DeSean Jackson, Eagles digging In
DeSean Jackson is in the final year of his rookie contract that has paid him an average of $769,960 over four years and is making the league minimum $600,000 this season. After sleeping through a meeting on Sunday and being benched against Arizona as a result, it appears his contract battle with the Eagles is reaching a boiling point.
DeSean Jackson’s days in Philadelphia are numbered.
After sleeping through a team meeting on Saturday and missing a practice leading up to last week’s Monday night game between the Eagles and Bears, it’s becoming more apparent that the fourth year receiver is burning his midnight green bridge in a contract year. Andy Reid deactivated Jackson on Sunday as a consequence, but as his quest for a new contract plays out, Jackson seems more and more disinterested as the season has moved along.
Make no mistake about it, players are not benched and told not to report to the game simply for sleeping through one special teams meeting. There are obviously issues that run deeper than these incidents brewing like a maelstrom below when it comes to Jackson and his contract situation.
There appears to be a growing disconnect between Jackson and the Eagles front office.
“The Eagles have a lot of selfish players in the locker room,” Cris Carter told Mike and Mike on 97.3 ESPN on Monday. “That’s evident by DeSean Jackson’s actions by missing a team meeting on Saturday. If this is what he’s trying to do regarding his contract situation than he’s not being professional.”
Jackson along with agent Drew Rosenhaus began the season searching for a new contract, that pays him more than the $600,000 he is making this season, by sitting out ten days of training camp before ultimately reporting. However, Jackson’s petulance has grown as the season has gone along. From not speaking to the media during the week, to questions being raised about his effort and work ethic, Jackson is doing himself no favors in his quest for a new deal from the Eagles.
The dynamic that has surrounded this season and Jackson through the first nine games have been marinading for some time. Since rookie contracts in the NFL are weighted by the position a player is chosen in the draft, Jackson’s unhappiness was inevitable after being chosen in the second round. Taking Jeremy Maclin with a first round selection the following year, undoubtedly added to Jackson’s ire. The final straw for DeSean seems to be the Eagles signing Steve Smith to a contract that pays him $2.2 million this season.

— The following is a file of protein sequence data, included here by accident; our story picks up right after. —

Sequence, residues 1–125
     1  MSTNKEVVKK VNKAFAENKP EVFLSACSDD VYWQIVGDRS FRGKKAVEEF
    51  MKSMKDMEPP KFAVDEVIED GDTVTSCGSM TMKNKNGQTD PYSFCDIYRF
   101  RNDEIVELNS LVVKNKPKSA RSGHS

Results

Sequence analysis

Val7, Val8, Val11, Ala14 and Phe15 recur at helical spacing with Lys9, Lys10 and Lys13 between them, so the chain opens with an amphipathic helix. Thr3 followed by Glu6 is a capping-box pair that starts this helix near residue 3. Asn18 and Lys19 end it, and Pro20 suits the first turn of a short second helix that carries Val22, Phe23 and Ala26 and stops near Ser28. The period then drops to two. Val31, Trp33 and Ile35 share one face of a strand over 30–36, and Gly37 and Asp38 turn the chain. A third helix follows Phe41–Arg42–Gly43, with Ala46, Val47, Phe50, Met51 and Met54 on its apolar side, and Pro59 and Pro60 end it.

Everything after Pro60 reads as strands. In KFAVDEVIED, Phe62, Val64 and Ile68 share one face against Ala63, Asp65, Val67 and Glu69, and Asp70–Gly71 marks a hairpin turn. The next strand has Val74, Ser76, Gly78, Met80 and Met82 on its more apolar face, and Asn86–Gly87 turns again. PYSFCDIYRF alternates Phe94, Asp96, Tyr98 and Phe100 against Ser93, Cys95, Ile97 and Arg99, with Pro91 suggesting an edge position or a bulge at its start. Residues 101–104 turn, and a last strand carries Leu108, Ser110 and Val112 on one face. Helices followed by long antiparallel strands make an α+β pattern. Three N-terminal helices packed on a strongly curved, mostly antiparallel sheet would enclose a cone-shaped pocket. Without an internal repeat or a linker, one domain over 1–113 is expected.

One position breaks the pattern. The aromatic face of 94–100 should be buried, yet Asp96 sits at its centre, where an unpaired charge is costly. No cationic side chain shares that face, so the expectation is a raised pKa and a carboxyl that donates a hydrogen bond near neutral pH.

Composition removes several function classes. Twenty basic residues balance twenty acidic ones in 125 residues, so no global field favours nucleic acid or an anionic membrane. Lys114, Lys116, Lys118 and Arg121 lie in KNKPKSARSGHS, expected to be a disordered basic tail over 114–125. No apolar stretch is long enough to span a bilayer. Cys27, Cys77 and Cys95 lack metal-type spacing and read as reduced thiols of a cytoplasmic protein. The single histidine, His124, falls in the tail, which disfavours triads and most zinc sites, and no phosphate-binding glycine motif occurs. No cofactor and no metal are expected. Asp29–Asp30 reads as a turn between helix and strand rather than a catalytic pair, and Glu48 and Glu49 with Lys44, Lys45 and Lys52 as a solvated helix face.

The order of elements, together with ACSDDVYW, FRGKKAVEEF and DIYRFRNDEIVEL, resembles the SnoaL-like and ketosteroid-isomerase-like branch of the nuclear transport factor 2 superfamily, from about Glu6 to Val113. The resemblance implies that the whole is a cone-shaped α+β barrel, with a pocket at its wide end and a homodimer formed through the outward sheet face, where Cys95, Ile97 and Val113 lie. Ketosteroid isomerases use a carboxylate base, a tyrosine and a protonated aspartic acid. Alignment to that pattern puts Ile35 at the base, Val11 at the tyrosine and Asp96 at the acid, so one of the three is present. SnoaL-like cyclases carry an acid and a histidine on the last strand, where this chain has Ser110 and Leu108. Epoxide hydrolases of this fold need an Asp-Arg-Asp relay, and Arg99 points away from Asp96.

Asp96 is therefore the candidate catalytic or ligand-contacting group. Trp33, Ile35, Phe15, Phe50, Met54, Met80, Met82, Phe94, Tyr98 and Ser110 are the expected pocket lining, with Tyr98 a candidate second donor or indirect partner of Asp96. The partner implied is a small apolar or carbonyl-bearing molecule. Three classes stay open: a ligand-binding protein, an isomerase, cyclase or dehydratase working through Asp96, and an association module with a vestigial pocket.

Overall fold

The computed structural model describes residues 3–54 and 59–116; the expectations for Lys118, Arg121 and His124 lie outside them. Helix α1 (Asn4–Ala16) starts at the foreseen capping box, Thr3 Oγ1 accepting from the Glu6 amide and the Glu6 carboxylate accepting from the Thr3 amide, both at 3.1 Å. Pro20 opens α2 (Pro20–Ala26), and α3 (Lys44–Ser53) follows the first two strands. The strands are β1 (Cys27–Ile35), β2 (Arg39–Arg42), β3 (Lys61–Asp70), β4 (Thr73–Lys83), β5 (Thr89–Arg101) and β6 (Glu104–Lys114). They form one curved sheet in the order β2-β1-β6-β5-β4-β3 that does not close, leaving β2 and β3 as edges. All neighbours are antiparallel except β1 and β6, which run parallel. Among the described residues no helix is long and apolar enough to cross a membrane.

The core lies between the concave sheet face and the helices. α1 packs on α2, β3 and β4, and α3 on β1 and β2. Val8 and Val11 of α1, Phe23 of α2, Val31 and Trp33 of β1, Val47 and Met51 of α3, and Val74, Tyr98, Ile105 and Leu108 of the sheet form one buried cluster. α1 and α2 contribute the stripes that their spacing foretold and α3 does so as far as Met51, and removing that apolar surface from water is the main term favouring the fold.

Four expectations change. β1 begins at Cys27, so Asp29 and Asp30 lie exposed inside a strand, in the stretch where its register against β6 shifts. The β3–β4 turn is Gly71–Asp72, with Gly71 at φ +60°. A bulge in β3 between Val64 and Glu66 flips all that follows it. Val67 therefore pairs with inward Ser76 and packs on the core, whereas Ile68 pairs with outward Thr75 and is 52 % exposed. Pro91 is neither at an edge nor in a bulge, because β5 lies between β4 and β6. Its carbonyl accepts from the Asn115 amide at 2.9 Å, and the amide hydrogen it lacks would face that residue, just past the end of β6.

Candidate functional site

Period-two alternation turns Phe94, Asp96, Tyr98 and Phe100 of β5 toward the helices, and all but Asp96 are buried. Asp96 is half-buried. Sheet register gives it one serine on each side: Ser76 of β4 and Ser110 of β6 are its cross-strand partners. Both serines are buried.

Prior to the season, Jackson’s demands were made clear, he believed his worth to be among the top ten receivers in the NFL. That simply isn’t the case. In his career Jackson averages 57 catches for 1,041 yards and five touchdowns per season. Meanwhile in his career Larry Fitzgerald widely regarded as the game’s top receiver hauls in an average of 82 catches for 1,124 yards and nearly nine touchdowns per season. Andre Johnson’s numbers also eclipse Jackson’s: 77 catches, 1,057 yards and six touchdowns.
Sure, Jackson contributes in the return game, but the simple business fact in the NFL is that return numbers don’t translate into marquee contract extensions. Devin Hester is and always has been a fair barometer for what Jackson should expect in his next deal. The Bears inked Hester a four-year extension that pays him $40 million including a $12 million signing bonus.
Now, it appears even a similar deal to Hester’s is out of reach for Jackson.
If the Eagles and DeSean Jackson cannot work out a long term extension, the team has several options; place the franchise tag on Jackson and pay him the average of the top five receivers in the NFL which will be approximately $17 million for one season, place the tag on him and if unable to work out a trade, then pull the tag around training camp once the market settles and release him or simply choose to wash their hands of him. Given his rapid decline and insubordinate attitude this season, it’s unlikely that this front office will pay him double-digit millions of dollars for one season, that much is becoming clearer by the day.
In the past, players that fall out of favor with the Eagles in the final year of their contract inexplicably take on lesser roles. LeSean McCoy began to take a share of Brian Westbrook’s carries in his contract year. Jeremiah Trotter became a rotation player, and Michael Lewis’ role in Jim Johnson’s defense was diminished before he unceremoniously landed in San Francisco.
Perhaps most damaging to Jackson’s cause is that between his decreased production on the field and his actions off of it, he is systematically destroying what good will remained between him, the front office and Head Coach Andy Reid.
“Honestly, I have never, I’ve never seen Coach do anything like that,” Jackson told Michael Irvin on NFL Network in an interview taped for Thursday Night’s pre-game show. “Like, I’ve never seen him bench anybody for, like missing a meeting.”
As a whole the Eagles are in disarray. They’ve lost five games this year that they were leading in the fourth quarter. There are questions abound about a lack of team chemistry, cohesion and leadership. Jackson’s contract situation is not only becoming a distraction, but when his actions lead to a suspension, they are effecting the team at large.
DeSean Jackson’s days in Philadelphia are numbered, that appears to be obvious. Unless he returns to the straight and narrow you have to wonder how many teams will offer the kind of money he is demanding to a diminutive, prima dona wideout who so dramatically lets his financial situation adversely effect his play on the field